Where are all the HME leaders?


In September, Washington lawmakers return from their summer recess and begin to forge a final healthcare reform package. That means HME leaders have another month or so to get their act together and compromise on a plan to reform the Medicare oxygen benefit. That’s if they want oxygen reform to be part of healthcare reform in some way, shape or form.

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On the one side of this issue we have AAHomecare & Co. On the other side sits NAIMES and CSIHME.

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I’m not a clinician or a provider, so I’m not going to take a side. I don’t know what’s best for patients or providers. But I do know that for the good of the industry, both sides need to come to the table and hammer out a compromise. That’s what leaders do.

No plan will please everyone, but the plan that does emerge should be one that most providers—large and small—can live with.

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I know there are good people on both sides of this issue. We’re about to find out if there are also good leaders.

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— Mike Moran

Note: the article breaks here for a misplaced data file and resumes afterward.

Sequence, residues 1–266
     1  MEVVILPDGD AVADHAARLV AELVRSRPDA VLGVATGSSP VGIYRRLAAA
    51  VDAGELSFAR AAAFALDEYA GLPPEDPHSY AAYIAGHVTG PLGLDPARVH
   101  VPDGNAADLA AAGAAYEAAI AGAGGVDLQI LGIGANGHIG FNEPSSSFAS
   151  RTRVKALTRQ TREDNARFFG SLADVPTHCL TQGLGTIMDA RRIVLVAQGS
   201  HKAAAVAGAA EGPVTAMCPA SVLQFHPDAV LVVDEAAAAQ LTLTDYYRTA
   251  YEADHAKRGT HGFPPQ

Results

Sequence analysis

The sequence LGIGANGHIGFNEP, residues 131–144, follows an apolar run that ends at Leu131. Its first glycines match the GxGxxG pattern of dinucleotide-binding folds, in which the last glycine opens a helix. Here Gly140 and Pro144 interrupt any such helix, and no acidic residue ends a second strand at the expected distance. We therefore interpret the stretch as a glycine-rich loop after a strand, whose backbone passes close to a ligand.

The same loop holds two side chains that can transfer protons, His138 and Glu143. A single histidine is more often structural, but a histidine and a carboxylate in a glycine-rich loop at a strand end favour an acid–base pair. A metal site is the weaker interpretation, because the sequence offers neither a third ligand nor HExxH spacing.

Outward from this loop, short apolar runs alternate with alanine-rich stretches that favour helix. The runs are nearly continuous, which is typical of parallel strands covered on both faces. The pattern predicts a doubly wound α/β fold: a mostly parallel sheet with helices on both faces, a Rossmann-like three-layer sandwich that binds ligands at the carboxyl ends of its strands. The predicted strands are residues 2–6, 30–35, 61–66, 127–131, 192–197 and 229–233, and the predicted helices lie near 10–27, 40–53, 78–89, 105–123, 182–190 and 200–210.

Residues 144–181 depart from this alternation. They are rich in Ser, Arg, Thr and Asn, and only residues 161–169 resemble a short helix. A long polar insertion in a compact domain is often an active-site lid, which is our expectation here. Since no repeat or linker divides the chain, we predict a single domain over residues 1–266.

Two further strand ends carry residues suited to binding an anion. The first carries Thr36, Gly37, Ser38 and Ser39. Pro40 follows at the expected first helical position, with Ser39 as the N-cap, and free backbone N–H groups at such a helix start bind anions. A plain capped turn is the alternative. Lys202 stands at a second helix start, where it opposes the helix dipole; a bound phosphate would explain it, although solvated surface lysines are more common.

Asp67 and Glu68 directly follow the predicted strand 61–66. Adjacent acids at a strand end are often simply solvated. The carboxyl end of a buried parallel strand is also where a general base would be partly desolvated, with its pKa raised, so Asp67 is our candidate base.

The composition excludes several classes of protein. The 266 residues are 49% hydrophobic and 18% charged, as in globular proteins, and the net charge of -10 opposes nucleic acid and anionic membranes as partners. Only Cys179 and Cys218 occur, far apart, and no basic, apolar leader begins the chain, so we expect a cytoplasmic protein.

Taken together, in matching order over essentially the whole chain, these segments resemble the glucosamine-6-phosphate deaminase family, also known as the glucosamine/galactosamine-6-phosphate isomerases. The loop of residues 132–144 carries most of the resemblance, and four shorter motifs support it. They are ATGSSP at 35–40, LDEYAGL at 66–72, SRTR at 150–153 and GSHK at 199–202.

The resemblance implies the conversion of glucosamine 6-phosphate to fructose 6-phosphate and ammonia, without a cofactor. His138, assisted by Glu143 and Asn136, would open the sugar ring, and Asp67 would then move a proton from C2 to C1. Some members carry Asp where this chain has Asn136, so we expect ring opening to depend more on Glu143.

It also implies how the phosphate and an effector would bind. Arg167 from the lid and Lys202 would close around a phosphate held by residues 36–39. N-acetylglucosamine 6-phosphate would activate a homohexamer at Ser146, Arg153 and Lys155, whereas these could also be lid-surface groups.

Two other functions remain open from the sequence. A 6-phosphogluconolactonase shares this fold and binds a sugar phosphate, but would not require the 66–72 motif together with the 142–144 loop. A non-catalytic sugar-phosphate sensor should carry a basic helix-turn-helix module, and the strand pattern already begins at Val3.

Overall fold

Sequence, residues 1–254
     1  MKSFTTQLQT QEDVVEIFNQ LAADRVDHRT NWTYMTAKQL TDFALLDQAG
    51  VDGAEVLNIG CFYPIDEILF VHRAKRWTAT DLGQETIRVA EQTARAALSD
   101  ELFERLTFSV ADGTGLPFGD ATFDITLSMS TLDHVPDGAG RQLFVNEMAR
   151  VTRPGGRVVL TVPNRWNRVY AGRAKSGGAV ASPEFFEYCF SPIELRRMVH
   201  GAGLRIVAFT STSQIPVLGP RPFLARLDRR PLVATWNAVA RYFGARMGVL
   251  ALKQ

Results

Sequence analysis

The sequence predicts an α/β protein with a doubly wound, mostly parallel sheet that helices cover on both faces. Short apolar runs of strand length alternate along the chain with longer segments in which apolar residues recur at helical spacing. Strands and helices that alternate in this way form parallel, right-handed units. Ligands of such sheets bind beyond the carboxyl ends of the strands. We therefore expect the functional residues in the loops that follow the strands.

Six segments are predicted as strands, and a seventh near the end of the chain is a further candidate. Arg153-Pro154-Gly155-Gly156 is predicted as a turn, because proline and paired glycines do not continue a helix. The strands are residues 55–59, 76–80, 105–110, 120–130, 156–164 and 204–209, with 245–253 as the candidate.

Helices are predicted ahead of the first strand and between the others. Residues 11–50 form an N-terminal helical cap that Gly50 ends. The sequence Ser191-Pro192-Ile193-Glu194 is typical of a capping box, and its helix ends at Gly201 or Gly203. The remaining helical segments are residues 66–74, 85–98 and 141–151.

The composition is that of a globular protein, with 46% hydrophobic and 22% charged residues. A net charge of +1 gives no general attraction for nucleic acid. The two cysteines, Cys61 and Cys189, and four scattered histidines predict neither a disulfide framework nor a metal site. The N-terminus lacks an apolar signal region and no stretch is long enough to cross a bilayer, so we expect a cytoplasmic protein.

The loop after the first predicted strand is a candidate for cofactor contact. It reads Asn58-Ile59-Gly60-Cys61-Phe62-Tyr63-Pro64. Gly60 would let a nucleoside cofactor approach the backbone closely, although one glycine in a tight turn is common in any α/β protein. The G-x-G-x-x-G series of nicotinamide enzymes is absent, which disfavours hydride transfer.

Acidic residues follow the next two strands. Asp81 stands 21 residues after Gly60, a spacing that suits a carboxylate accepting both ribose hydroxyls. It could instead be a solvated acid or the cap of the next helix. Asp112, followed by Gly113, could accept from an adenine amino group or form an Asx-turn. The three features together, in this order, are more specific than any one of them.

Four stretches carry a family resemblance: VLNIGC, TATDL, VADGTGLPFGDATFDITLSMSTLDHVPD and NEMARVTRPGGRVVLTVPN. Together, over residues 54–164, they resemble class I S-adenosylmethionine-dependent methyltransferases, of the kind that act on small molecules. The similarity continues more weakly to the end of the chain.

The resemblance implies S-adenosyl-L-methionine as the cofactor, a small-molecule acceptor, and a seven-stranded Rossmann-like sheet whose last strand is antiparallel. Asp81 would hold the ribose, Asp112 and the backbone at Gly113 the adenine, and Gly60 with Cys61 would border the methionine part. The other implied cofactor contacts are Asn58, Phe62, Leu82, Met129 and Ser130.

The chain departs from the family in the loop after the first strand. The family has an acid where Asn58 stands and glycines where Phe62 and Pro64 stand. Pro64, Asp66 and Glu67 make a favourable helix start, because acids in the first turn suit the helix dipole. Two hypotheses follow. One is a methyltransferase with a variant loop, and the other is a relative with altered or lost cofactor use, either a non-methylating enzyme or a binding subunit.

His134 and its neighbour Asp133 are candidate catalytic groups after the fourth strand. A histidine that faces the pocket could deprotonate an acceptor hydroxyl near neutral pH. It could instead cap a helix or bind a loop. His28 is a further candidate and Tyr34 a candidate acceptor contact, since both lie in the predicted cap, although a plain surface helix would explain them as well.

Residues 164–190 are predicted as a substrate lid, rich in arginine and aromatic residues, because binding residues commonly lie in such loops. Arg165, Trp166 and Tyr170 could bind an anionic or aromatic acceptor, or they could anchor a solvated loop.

Leadership is an important issue. However NAIMES and CSI:HME probably do not have the financial or lobbying resources available to get anyone in Congress to listen on a mass scale. AAHomecare is the industrys only unified voice that Congress might listen to. (No, I am not a AAHomecare member). After speaking with Michael Reinemer (AAHomecare Public Relations) a couple of weeks ago, he made it clear that the media opinion and for the most part, congressional opinion regarding HME is purely negative. No one is going to see or read in the media a positive story about HME and I certainly haven't heard anything from Congress on how important HME's role in healthcare prevents other unnecessary costs. Case in point.....AAHomecare announced they were speaking with CNN regarding an upcoming presentation about HME. When the report was presented on CNN, false facts were stated and any contributions made by AAHomecare to enhance the positive view of HME were tossed aside and the hatchet job began. With that in mind, we discussed the critical nature of the HME industrys need to negotiate reimbursement cuts in order to eliminate competitive bidding. CMS already has the information regarding the previous competitive bidding process that was postponed. A 26% benchmark cut has already been established through that process. Now CMS will look for even a further cut during this next competitive bidding process which most of us should know how will turn out. I don't really understand why these groups haven't already gotten together and discussed the fact that CMS has us where they want us and the industry voice needs to go into Congress and negotiate the same way the hospital and drugs industries have done so we can be left alone, deal with the fall out, yet understand that competitive bidding will be gone and we still have the opportunity in continuing service for Medicare beneficiaries. These industry representatives need to negotiate with Congress instead of trying to put a positive spin on everything we do as providers. Our industry is the focus of Medicare fraud and for good reason, so negotiating substantial reimbursement cuts now just might do the trick. If not, let the competitive bidding process begin and watch how HME providers who focus on Medicare can just find themselves looking for another line of business.